Since it it come up again at the GOP debate, I thought I'd take a moment on "sanctuary cities," a city where illegal immigrants access city services without fear of being deported.
Once again, this attack on "sanctuary cities" is an example of (Republican) moral absolutism working against the common good. I understand the appeal of the argument, but, if you actually look past the simplicity of it, the implications are huge.
If you block illegals access to police, for example, crime shoots through the roof. Not only is the illegal community now an open target, but also, any other cooperation from the community dries up. Looking for witnesses or information? Not a chance. Violent, repeat criminals can hide in illegal neighborhoods without fear.
How would you like it if your neighbor didn't call the fire department for an hour while he tried to get his family and belongings out? Or maybe you'd like to lie flopping on the ground with a heart attack while someone worries about calling 9-11?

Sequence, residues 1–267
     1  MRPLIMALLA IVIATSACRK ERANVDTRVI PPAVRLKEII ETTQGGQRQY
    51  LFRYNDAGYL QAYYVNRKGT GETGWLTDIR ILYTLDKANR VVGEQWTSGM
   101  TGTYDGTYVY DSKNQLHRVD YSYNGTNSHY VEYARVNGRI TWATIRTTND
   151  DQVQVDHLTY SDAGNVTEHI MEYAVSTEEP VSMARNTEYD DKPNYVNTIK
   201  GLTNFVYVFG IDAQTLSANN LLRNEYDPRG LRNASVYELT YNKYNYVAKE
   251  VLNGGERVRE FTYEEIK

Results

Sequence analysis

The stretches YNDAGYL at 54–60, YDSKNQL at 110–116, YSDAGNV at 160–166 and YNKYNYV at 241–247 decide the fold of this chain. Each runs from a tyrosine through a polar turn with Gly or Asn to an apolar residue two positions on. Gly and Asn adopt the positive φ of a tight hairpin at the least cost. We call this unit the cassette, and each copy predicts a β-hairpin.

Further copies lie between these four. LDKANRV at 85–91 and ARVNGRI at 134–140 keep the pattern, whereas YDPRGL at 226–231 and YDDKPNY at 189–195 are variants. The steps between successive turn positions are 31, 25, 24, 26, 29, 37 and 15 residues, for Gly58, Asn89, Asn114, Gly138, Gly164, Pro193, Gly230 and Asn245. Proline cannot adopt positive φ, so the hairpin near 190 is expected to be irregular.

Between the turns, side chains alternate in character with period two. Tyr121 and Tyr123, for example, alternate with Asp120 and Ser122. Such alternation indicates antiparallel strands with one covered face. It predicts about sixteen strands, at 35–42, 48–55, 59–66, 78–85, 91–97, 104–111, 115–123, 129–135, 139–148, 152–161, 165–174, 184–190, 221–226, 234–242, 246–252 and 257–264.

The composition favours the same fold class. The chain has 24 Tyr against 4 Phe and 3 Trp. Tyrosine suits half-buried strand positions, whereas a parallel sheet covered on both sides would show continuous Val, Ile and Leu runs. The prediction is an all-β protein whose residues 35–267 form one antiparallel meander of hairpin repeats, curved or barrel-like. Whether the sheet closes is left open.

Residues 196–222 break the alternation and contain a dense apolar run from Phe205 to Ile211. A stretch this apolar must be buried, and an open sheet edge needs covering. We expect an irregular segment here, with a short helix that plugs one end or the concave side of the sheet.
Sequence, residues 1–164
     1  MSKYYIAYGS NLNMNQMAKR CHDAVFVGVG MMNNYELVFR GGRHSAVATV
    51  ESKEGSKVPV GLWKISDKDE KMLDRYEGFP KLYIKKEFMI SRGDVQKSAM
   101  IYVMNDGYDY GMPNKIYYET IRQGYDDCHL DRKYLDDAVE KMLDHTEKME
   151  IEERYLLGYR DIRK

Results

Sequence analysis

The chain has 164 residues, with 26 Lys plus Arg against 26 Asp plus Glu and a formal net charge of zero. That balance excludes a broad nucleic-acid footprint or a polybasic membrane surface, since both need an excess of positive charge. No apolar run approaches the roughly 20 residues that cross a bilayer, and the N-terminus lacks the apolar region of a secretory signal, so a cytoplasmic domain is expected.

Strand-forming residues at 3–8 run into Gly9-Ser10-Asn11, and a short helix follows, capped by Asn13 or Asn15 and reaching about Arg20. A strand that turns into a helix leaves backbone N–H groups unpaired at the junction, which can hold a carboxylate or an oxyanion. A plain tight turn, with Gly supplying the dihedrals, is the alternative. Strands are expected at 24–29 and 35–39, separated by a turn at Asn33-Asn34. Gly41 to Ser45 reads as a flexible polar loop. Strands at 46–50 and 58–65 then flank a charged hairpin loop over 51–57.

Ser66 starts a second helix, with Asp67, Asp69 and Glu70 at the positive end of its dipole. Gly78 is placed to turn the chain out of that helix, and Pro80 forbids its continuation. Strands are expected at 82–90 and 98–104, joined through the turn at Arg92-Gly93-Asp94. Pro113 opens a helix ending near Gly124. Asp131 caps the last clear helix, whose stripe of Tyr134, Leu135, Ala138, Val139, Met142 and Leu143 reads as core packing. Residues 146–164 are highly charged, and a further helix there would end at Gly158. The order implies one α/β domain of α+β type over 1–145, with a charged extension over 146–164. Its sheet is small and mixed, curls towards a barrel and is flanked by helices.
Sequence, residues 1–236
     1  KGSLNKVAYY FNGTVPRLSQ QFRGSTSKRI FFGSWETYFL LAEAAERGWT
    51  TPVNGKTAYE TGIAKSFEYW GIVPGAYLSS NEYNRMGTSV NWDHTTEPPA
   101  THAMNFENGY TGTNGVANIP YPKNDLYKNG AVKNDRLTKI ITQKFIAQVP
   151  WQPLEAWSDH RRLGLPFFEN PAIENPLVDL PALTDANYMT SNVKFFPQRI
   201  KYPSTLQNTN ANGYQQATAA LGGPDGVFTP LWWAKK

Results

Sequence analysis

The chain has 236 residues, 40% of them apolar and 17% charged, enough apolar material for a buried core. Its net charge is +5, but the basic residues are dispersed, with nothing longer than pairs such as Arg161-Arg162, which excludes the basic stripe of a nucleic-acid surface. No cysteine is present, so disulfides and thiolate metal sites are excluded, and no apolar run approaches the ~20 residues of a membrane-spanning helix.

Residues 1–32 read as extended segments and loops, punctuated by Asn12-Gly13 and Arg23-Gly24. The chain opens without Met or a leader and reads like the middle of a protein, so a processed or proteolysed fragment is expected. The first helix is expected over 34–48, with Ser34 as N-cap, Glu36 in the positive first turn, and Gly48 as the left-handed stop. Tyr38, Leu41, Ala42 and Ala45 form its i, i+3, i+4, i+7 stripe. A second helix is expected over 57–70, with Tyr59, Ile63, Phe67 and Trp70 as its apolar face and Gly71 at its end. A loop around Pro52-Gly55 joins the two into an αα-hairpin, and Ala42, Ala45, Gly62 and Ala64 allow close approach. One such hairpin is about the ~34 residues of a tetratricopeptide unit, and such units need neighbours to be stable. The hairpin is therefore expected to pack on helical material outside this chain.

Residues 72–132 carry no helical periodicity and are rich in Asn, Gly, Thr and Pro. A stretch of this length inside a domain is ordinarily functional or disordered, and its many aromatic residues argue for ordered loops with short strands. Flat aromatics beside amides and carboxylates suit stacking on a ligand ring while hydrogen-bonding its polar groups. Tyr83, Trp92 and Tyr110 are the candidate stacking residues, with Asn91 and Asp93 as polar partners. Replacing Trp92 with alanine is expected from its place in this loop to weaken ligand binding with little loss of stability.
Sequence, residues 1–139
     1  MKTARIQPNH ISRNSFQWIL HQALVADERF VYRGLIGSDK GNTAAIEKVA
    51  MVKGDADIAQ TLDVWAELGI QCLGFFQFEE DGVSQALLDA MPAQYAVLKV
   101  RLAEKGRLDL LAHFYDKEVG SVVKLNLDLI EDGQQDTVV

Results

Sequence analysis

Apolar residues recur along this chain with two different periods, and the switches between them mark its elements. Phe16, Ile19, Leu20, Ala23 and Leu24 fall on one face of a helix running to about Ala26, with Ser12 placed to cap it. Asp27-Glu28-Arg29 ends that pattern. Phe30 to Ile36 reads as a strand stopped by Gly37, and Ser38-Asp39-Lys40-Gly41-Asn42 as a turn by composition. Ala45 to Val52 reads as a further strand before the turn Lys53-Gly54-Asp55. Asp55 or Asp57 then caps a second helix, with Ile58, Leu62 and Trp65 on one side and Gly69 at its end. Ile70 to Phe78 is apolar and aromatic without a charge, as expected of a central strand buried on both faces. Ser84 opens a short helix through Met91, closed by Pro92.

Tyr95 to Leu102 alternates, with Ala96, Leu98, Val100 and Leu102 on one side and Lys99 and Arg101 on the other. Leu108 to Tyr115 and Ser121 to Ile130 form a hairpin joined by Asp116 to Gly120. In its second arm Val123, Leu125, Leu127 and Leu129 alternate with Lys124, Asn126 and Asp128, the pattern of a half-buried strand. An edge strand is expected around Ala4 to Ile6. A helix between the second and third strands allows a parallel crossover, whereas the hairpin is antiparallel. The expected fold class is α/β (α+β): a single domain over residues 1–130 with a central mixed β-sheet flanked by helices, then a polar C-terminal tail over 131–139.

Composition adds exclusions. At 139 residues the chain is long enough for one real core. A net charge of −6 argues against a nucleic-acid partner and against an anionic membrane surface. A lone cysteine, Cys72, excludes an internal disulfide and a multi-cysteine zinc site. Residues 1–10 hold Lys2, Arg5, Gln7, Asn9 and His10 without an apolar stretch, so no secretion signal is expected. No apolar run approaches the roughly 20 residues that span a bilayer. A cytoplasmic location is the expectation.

Or maybe you'd prefer that the illegal tending a child in your daughter's class or handling your food doesn't go to the emergency room with TB, Meningitis, or whatever?
(Oh, and let's not let them in the schools either. Large numbers of teen boys with no education and no prospects roaming the streets is a great idea.)
It's a very easy political ploy to criticize "sanctuary cities" to win GOP primary votes, but in reality, the policy of it is a very different thing.